I will put my reputation out there that Price will be the ace of not only the Rays, but also the AL East. At 26 years old, this could be Price’s big season to begin a trend of many more great years in the future. I plan to target Price as my No. 1 pitcher in drafts. I suggest you do the same, for this Price is worth the price. I’d say I’m two-for-two, bad boy.
Ubaldo Jimenez SP CLE – Oh, I don’t think anybody’s had the fall from grace as quickly as Jimenez. His trade to Cleveland only intensified an already disappointing 2011 season. Jimenez pitched one of the best half-seasons in baseball history in early 2010. Since then, his ERA has fluctuated more than the housing market. There are, however, some very interesting positives underlying Jimenez’ awful stat lines.
First of all, only Fausto “Roberto Hernandez Heredia” Carmona had a worse strand rate than Jimenez in 2011. At 65 percent, Jimenez couldn’t keep anybody from scoring. That’s a positive, because unbelievably bad strand rates in talented pitchers tend to correct themselves over time. His BABIP against was a hefty .314, good for twelfth-unluckiest starter in the game.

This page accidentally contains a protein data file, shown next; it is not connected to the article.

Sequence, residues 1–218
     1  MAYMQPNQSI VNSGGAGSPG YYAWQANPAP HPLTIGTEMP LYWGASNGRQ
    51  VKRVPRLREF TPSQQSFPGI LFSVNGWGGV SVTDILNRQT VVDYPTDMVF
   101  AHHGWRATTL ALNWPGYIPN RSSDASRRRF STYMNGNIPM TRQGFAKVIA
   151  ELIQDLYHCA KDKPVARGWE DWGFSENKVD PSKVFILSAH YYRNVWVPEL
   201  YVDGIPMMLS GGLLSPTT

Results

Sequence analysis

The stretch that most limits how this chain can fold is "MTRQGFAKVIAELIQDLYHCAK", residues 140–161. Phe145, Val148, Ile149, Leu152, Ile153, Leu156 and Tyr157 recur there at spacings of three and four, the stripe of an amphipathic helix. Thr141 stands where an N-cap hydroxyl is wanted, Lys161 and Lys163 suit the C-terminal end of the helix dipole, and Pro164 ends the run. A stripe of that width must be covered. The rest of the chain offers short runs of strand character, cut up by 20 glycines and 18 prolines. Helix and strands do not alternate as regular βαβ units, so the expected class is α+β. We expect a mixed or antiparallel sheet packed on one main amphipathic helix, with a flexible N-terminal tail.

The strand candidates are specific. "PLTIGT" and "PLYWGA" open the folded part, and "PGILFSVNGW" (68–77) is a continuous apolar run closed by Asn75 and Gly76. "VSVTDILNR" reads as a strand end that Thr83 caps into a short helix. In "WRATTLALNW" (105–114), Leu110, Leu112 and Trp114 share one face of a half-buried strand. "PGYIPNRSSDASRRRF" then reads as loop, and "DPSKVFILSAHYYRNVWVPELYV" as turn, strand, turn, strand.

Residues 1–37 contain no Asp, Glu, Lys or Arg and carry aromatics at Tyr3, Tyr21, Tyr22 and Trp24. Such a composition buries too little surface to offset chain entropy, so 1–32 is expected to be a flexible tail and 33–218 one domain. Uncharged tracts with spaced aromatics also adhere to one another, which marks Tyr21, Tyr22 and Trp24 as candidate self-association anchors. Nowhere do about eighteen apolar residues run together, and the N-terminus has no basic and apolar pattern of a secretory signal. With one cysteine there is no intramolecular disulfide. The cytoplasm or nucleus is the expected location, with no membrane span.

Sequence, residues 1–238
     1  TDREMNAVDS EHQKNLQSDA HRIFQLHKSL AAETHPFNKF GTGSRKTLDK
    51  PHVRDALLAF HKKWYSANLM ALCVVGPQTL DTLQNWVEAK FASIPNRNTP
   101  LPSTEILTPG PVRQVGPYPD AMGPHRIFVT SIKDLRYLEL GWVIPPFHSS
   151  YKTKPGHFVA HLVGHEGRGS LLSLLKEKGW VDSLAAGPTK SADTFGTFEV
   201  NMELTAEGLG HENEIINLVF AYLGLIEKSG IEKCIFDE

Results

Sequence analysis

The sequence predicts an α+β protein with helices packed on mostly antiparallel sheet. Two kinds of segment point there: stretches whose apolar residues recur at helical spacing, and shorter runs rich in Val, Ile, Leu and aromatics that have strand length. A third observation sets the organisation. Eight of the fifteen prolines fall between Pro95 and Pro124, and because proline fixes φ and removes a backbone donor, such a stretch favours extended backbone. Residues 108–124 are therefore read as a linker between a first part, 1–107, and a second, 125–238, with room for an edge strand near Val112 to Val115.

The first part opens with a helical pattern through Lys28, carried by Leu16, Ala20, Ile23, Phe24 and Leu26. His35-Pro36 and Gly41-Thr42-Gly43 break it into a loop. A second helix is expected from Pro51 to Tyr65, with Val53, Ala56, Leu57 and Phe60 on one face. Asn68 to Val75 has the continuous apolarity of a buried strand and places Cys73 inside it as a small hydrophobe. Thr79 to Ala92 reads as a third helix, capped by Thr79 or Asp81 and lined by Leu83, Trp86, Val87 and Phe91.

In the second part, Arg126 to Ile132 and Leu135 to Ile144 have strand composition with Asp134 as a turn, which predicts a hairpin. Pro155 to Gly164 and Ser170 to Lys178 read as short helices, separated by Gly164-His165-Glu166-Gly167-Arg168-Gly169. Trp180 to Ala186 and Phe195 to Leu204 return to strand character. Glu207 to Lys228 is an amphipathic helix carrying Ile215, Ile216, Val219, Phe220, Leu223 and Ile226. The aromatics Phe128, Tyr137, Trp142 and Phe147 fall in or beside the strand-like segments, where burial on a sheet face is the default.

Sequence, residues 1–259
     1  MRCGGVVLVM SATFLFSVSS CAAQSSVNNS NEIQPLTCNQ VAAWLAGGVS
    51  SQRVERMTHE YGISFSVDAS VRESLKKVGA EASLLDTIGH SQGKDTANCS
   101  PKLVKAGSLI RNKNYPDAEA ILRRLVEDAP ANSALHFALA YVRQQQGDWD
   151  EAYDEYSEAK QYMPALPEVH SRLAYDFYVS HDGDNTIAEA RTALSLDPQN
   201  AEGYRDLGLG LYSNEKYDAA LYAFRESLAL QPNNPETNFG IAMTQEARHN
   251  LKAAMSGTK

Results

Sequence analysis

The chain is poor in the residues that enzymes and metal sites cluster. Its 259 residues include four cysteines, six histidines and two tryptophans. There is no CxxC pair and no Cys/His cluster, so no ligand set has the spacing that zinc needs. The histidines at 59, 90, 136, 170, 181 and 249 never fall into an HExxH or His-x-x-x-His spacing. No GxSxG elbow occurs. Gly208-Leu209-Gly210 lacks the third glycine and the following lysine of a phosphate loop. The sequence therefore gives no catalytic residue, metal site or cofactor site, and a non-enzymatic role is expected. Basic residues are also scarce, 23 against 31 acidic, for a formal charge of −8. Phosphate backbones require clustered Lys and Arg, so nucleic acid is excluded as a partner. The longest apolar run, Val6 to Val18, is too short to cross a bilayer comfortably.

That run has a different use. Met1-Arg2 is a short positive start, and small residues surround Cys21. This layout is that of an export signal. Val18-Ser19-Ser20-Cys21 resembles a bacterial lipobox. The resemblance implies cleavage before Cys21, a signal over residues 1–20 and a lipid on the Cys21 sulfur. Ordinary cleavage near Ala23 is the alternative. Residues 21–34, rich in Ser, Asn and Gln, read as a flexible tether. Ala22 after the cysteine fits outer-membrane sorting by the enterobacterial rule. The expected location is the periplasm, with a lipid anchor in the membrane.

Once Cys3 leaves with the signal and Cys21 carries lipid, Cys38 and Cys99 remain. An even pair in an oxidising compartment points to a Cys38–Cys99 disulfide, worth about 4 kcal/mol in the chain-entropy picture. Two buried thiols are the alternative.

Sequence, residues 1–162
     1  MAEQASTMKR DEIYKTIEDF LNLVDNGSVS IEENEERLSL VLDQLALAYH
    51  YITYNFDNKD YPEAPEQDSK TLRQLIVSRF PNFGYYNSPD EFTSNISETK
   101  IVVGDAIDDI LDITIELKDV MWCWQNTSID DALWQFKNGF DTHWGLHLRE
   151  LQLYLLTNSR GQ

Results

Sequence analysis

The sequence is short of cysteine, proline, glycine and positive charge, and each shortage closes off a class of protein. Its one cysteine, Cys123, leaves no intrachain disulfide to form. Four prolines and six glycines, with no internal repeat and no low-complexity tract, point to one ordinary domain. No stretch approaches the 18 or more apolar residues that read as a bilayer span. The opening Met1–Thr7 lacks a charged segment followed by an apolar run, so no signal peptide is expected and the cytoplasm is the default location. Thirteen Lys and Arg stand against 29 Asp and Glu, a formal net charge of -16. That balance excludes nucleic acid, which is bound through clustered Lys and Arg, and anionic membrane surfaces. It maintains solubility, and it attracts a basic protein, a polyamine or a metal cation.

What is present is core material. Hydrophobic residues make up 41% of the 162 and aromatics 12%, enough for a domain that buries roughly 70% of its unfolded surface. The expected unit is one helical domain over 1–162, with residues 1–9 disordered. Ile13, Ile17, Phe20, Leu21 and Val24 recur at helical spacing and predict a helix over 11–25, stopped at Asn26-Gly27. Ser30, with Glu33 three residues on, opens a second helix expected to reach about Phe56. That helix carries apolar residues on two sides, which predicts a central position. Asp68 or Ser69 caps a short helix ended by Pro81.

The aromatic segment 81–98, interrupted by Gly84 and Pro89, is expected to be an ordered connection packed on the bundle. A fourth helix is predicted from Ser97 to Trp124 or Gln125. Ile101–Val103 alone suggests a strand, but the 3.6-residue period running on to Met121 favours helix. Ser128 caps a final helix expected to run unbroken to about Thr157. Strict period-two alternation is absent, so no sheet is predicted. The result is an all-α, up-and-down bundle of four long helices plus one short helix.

I’d say pretty much all of Jimenez’s 2011 advanced stats were similar to his career averages. He’ll walk batters and strike out just under nine a game. He’s still filthy and only saw a slight velocity decrease (-2.6 mph) that probably was linked to some health issues Jimenez battled while playing with the Rockies.
Pay attention to his stock come draft day. Jimenez definitely will have his detractors, and there’s really nothing to detract. Live with the dicey WHIP and draft the skills of this 28-year-old hurler. He’ll likely deliver profit in the middle rounds of drafts. I see him as a No. 3 starter on a fantasy team.
Dexter Fowler OF COL – Fowler will be my prototypical, post-hype sleeper for this list. Buzz is rumbling around Colorado that Fowler has trimmed down his body fat and added seven pounds of muscle while working out with teammates this offseason. This could be that typical athlete chatter, but it could also mark a change in work ethic for a guy that really needs to start proving himself.
Toward the end of the 2011 season, Fowler really started to show off those five tools we’ve always heard he had. His OPS was 1.000, .799, .901 in the months of July, August, and September. He stole 10 bases during that stretch, as well. Earlier this offseason, Carlos Gonzalez linked his future success to that of the health of Fowler.